Christy Moore – Royal Festival Hall

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Why this gig?

I used to listen to a lot of Christy Moore. I probably own a dozen or so of his albums. Mind you, twenty years ago, I listened to a lot of Irish folk music. That seems to have rather tailed off over the last ten years. The most recent album I own by him is well over ten years old. I also saw Christy play live many times. Firstly at festivals like the Cambridge Folk Festival and Glastonbury, but later I also saw at least a couple of his tours.

Actually, I was vaguely surprised to see that he was still touring. I thought I’d read something about him retiring from live performances for health reasons. Obviously I was wrong. But when I saw this show advertised, I wasted no time at all in buying a ticket.

Support

There’s no support. In fact there’s no interval. Christy and friends just come on and play for over two hours.

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Previously, I’d only ever seen Christy playing on his own. But tonight, (as, apparently, he usually is these days) he’s joined by Declan Sinnott on guitar and Jimmy Higgins on percussion. The extra instruments make for a much larger sound, but the group is small enough that it doesn’t affect the intensity that Christy’s performances are known for.

As I said, I don’t listen to much Irish music these days, so I’m slightly worried that I won’t enjoy as much as I used to. I needn’t have worried at all. Christy is still a great performer. He really knows how to draw an audience into a song. Right from the start, the audience are totally captivated by the performance.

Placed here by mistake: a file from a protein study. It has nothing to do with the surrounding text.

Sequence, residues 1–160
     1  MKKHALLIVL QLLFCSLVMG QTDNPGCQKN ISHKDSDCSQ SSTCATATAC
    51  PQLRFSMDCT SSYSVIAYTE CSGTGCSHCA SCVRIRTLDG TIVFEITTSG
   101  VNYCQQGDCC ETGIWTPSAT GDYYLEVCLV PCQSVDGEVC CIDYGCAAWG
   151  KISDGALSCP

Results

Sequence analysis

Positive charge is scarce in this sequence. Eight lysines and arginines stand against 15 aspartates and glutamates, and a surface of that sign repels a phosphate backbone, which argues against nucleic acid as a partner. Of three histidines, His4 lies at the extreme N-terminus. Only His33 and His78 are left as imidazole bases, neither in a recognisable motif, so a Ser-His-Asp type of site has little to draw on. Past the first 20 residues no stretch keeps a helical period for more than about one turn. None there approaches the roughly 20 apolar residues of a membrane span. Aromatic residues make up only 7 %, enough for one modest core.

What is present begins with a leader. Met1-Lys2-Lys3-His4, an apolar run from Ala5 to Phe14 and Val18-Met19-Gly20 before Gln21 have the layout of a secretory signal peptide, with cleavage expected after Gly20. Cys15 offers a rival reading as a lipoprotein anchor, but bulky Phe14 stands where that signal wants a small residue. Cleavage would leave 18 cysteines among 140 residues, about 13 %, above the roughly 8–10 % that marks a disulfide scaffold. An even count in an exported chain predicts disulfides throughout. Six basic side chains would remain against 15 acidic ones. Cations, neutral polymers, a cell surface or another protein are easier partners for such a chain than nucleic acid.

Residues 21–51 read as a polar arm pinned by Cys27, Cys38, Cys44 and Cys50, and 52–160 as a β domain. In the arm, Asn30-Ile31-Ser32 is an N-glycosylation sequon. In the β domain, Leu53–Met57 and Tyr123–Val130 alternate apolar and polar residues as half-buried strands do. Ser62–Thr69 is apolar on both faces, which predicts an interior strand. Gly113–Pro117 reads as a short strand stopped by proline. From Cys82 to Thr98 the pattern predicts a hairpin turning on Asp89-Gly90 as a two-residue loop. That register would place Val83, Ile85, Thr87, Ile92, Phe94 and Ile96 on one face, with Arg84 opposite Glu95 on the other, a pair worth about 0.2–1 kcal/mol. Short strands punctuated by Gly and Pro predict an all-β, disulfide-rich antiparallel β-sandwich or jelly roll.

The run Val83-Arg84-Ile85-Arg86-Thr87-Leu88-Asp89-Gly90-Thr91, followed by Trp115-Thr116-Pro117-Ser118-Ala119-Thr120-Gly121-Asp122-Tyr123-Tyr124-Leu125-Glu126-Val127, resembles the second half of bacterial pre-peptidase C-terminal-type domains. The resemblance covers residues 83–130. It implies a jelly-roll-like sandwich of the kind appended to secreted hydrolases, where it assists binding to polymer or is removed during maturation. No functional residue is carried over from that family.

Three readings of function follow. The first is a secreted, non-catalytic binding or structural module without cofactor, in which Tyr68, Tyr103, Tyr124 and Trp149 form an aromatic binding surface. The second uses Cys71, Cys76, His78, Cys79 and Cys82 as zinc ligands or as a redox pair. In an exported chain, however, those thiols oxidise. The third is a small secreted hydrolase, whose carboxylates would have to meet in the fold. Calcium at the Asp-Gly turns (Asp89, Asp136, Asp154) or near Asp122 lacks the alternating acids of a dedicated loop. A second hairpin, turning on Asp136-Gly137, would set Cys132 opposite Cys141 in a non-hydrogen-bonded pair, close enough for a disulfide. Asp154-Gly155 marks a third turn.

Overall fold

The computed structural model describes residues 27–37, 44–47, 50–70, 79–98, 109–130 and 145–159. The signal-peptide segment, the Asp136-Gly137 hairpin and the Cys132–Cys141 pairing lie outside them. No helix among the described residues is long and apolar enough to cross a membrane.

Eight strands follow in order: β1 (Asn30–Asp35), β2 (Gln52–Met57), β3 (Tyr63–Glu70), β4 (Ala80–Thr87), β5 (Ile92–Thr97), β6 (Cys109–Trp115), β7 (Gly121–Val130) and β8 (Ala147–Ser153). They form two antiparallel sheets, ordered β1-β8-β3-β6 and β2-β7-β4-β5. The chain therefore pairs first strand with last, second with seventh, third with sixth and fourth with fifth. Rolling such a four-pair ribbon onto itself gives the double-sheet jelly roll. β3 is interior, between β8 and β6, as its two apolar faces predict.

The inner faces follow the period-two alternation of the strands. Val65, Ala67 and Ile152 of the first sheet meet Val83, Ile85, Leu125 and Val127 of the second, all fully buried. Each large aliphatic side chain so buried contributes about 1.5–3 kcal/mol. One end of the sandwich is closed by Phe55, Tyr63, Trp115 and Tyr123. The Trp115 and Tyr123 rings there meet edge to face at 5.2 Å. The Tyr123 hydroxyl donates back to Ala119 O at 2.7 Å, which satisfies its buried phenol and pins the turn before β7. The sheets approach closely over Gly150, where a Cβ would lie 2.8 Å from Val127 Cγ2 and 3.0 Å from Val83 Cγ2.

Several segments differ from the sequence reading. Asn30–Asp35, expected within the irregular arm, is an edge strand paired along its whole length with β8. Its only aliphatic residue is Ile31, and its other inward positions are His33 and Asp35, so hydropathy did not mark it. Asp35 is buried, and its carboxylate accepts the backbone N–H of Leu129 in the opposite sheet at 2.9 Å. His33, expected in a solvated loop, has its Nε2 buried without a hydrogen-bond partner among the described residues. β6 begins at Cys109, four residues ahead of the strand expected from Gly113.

I’m also slightly worried that as I haven’t listened to any of his new albums for ten years, I might not know many of the songs. But Christy has little time for promoting a new album. At each performance you’re just as likely to hear something from any of the albums in his forty-five year career. He starts off with “Biko Drum” and follows it with “Yellow Triangle” and “Natives”. All in all, I think I knew about three quarters of the songs.

To me, Christy is at his best on ballads like “Nancy Spain” (which is early in the set) and “Ride On” (which comes towards the end). He even plays “Bright Blue Rose” which has always been one of my favourites and provides a nice contrast to the Mary Black version which I heard a few weeks earlier.

Politics have always been an important part of Christy’s repertoire and tonight is no exception. Christy is great at making politics personal – with songs like “Smoke and Strong Whiskey” and “Ordinary Man”, both of which he plays.

And there there are the rousing singalongs like “Delirium Tremens”, “Lisdoonvarna” and “Joxer Goes to Stuttgart” (probably the only song about football that I like). These all get the audience clapping and singing along.

They play for two hours. But it always seems too short. There are always other songs that you want to here. But it’s a great night. I’m happy to report that Christy Moore is still at the top of his form.

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